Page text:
How hard is managing a restaurant?

Being a restaurant manager is a difficult job. It's fast and stressful, and requires a special combination of skills and personality traits (most importantly, staying calm under pressure). Long days turn into long nights and it feels like you're constantly trying to catch up. Your average day running a restaurant will cause you to work shifts of more than 10 hours.

And those hours will extend much further on weekends. A well-rounded manager must be able to multitask, think quickly, and maintain a constant calm attitude despite “putting out fires or dealing with difficult people”. In addition, restaurant managers must be fluent in all aspects of restaurant operations, including reception and reception functions.

Restaurant management training

offers formal instruction and practical exercises designed to improve a leader's hard and soft skills.

As a manager, the more real experience you have in the business, the better you will be at solving problems when something goes wrong. Profit margins in the restaurant industry are notoriously tight, so managing expenses is paramount, especially in companies with a lower volume. While everyone's career path is different, the best restaurant managers will have had at least some experience in every position in the restaurant. Creating management objectives helps leaders focus on their tasks, focus on specific skills, and provides a plan for continued growth.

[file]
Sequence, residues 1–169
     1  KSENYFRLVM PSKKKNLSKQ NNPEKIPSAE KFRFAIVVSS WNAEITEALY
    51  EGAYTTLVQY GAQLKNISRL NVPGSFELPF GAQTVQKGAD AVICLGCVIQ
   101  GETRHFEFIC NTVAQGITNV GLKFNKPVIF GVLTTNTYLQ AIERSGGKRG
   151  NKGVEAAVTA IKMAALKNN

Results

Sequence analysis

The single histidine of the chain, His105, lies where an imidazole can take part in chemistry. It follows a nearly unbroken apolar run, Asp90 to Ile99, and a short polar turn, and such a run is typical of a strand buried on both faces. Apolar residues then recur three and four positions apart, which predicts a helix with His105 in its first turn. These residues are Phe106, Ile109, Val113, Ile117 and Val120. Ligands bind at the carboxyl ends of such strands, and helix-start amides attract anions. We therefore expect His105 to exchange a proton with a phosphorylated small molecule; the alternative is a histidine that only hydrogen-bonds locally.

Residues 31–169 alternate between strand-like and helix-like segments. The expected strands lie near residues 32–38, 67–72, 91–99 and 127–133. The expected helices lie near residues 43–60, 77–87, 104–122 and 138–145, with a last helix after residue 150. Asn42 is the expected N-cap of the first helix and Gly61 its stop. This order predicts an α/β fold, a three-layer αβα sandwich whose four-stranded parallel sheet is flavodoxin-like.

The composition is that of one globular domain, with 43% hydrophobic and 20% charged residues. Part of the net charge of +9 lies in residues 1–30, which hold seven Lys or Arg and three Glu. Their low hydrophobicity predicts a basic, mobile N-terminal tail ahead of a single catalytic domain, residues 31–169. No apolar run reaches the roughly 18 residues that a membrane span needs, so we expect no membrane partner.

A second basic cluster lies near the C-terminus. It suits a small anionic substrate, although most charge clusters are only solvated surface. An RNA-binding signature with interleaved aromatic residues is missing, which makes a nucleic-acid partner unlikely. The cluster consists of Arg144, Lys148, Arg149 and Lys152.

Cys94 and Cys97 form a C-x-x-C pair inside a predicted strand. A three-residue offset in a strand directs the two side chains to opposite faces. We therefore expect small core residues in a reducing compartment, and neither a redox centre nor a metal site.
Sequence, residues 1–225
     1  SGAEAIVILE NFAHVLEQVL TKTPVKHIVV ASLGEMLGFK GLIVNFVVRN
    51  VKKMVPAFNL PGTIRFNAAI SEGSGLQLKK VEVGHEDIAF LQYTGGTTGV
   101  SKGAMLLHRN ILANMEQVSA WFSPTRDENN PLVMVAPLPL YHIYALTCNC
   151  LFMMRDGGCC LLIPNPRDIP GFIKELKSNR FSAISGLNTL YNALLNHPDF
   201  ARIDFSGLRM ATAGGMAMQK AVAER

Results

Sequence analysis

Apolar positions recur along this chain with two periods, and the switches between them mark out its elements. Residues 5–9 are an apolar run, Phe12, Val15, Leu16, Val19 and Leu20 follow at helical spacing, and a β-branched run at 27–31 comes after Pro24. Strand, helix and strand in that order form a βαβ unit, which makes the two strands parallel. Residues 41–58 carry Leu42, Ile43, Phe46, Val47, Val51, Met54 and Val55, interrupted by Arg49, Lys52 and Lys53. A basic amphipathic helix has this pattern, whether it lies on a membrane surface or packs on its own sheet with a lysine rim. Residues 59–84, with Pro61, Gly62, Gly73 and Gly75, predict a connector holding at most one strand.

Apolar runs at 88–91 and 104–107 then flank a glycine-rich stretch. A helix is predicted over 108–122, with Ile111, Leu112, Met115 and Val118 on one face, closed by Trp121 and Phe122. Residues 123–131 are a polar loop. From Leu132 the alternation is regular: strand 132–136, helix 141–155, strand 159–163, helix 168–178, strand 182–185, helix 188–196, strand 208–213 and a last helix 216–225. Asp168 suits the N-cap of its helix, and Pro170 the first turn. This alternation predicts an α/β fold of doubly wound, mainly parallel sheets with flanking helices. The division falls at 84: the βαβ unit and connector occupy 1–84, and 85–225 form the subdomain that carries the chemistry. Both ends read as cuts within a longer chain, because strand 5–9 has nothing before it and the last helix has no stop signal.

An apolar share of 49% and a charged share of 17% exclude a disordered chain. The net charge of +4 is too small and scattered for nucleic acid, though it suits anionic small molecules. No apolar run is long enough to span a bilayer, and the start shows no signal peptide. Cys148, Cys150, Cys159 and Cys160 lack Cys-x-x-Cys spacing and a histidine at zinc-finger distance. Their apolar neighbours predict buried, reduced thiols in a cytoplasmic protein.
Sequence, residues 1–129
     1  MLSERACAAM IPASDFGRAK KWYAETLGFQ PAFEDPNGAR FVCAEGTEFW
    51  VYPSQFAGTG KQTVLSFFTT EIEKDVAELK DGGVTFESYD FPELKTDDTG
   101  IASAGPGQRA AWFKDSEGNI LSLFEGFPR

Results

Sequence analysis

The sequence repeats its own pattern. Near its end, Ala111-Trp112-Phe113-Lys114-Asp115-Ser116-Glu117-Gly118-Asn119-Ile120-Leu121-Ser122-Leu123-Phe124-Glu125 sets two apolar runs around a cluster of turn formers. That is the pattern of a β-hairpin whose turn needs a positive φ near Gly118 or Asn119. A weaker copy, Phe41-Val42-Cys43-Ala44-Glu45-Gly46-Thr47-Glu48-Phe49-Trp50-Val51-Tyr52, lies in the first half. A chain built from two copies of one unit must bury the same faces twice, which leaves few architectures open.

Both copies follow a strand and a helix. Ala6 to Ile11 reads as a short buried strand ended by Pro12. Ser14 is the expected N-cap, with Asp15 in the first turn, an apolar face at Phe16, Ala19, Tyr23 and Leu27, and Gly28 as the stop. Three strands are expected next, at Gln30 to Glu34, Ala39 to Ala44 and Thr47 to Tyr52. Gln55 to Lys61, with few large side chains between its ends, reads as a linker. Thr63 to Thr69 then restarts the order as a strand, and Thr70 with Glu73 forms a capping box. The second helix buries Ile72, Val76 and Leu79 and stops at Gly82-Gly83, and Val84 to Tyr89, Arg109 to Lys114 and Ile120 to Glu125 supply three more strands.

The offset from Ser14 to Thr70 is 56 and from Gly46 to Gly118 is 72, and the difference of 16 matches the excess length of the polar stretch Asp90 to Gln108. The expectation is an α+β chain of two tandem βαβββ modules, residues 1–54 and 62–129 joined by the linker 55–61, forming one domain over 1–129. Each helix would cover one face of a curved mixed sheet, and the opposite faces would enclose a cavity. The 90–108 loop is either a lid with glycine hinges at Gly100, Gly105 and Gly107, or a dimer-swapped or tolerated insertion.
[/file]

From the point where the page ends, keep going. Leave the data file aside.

Online programs, such as the ServSafe Manager course and eCornell, offer excellent restaurant management certification programs for busy professionals. We have several restaurant management tips that will help you feel confident as you approach the next steps to develop your restaurant business. For example, instead of having a manager open the restaurant, you can trust a longtime employee to carry the keys and open or close it. While most managers have at least a high school diploma and many have graduated from college with degrees in hospitality, it's not uncommon for someone who didn't finish high school to start at the bottom of the restaurant food chain and make it to management, or even own their own restaurant.

Amid rising minimum wage and higher supplier costs, Brown says: “Sometimes you have to adjust operating times depending on when they open up or adjust the size of your management staff. Short-term goals may include skill sets that improve the leader's ability to manage a restaurant and that are effectively aligned with long-term goals. Using Facebook groups or forums to ask people in the restaurant industry for advice will surely help you become a better restaurant manager. When your restaurant isn't adequately stocked, your team will struggle to prepare food and serve customers properly.

Ernest Dargatz
Ernest Dargatz

Freelance food geek. Bacon expert. Certified internet buff. Typical coffee nerd. Avid coffee evangelist.